Rejection sampling is used to obtain a θ value using the probability density function P1 (cos θ) (Kawrakow and Rogers, 2003):
where the Klein-Nishina cross section has been integrated between the maximum and minimum values for cos θ: -1 and 1. This can be re-written using ε = E’γ / Eγ (Kawrakow and Rogers, 2003)
where N is a normalisation constant. The maximum and minimum ε values can be defined as
Sampling the ratio ε is effectively sampling cos θ and can be done using the rejection method (Kawrakow and Rogers, 2003). First εmin is calculated knowing the incident Eγ, then the upper rejection boundary gmax is calculated using:
Two random numbers, r1 and r2, are generated and an ε value selected (between εmin and 1) using
which is substituted into a rejection function g:
where sin2θ is determined using ε. If r2 ≤ g then ε has been sampled (that is, not rejected), and with it the corresponding polar angle θ.
The recoil electron would receive the difference in energies (Eγ – E’γ) and is deflected by an angle ψ such that momentum is conserved. It should be noted that binding effects and Doppler broadening are not simulated using the Klein-Nishina formula, and while it would be possible to augment it with an impulse approximation (Rogers et al, 2009), this would be unnecessary for accurate radiotherapy simulations. This is because only a small number of recoil electrons are produced at low energies, and the binding energy can be ignored when it is small compared to the recoil electron energy (Agostinelli et al, 2003).
Pair production occurs when a photon (of an energy greater than or equal to 1.022 MeV) interacts with a nucleus, and results in the production of an electron-positron pair. This interaction is most likely for higher energy simulations. The cross-section can be expressed as (Agostinelli et al, 2003):
where Eγ is the incident photon energy, X = ln(Eγ / me c2) (where me is the electron rest mass) and the functions Fi parameterised to best fit the experimental data for the atomic number Z. The properties of the resultant pair are governed by the law of conservation of momentum: they receive equal momentum and the polar angles must be equal in magnitude.
Triplet production occurs when an atomic electron is ejected during a pair production event (Nelson et al, 1985). Pair and triplet production contributions are usually combined as general pair production (Podgorak, 2005) and may be simulated as regular pair production events (Nelson et al, 1985). This is because the ratio of triplet production to pair production cross sections is of the order 1/Z (Nelson et al, 1985), and is, at most (in the case of hydrogen), only approximately 30% (Podgorak, 2005).
Electrons passing through a medium constantly undergo scattering interactions, of which many are ‘soft’, having little effect on the dose distribution. These include elastic collisions (such as Rutherford Scattering) which are zero-energy loss events (Kawrakow and Rogers, 2003) and inelastic collisions where the energy loss is below a defined threshold. The direct simulation of all of these interactions would be inefficient (Foote and Smyth, 1995) so in the interest of minimising simulation time, ‘soft’ interactions are often ‘condensed’ using multiple scattering theories (Agostinelli et al, 2003; Kawrakow and Rogers, 2003) Condensed history approaches approximate the energy loss and displacement of an electron experiencing multiple interactions over a step (Foote and Smyth, 1995). The step length is typically dependent on the presence of voxel boundaries in the simulation geometry (such that energy loss can be deposited into single dose bins) and user-specified energy loss limits (set to regulate step length). These steps occur between discrete non-soft, or ‘catastrophic’, interactions.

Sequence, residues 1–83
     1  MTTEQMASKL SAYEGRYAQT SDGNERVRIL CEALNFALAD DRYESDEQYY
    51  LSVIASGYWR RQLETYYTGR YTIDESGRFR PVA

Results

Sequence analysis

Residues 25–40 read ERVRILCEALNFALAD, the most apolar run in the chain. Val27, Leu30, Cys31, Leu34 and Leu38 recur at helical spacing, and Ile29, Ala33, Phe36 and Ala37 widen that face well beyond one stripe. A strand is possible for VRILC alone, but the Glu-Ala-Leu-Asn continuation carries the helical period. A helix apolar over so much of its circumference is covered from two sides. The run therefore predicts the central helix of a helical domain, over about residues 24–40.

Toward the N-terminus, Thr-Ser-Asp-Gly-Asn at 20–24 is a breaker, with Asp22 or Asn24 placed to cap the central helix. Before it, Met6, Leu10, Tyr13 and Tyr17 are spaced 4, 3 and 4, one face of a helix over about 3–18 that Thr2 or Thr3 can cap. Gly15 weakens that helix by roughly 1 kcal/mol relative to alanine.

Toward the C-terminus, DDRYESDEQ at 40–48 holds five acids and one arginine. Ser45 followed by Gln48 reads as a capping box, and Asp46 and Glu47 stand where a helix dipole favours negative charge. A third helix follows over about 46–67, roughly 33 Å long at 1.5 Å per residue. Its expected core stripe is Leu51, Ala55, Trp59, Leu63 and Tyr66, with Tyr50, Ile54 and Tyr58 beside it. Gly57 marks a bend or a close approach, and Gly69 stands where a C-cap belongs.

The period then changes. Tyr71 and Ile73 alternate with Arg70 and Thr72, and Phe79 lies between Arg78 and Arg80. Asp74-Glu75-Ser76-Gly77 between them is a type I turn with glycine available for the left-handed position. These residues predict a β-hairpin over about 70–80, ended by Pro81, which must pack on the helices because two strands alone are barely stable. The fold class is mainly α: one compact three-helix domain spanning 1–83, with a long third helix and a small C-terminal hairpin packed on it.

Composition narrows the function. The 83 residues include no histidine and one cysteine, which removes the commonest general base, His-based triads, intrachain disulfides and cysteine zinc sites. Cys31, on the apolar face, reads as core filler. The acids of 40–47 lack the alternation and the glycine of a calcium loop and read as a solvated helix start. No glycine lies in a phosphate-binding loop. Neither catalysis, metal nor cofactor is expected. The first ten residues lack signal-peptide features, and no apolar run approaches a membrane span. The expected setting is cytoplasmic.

‘Catastrophic’ interactions: Bremsstrahlung production, ionisation (via Moller or Bhabha scattering) and annihilation; are not simulated using multiple scattering theories. The same basic approach used for photon interactions is applied here: for a given energy and atomic number, a general cross-section model is fitted to reference data. The subsequent energy and direction of the incident and produced particles is sampled using probability density functions.
Bremsstrahlung radiation is produced when the velocity of an electron is altered by an atomic nucleus: the difference in energy before and after this deceleration is emitted as a photon. This process is arguably the most computationally intensive: the cross-section equation is complex, the energy state of the emitted photons can require 36 linear parameters for parameterization (Agostinelli et al, 2003) and the angular distribution of the emitted photons requires the evaluation of natural log functions (Kawrakow and Rogers, 2003).
There are two ionisation (or `catastrophic’ inelastic collision) interactions: Moller (electron-electron) and Bhabha (electron-positron) scattering. These can be used when binding effects are ignored (Kawrakow and Rogers, 2003), which is reasonable at high energies. Once the cross section has been sampled to determine the kinetic energy of the initially-at-rest electron the polar scattering angles can be calculated using that value and the kinetic energy of the incident particle.
Annihilation occurs when a positron (produced by a pair production event) interacts with an atomic electron, producing two photons (with properties satisfying the laws of conservation of momentum and energy). Almost all positrons produced in the patient will be terminated in this way. Available cross section data, such as Heitler’s (1954), assumes the production of two 511 keV photons, with equal and opposite momentum.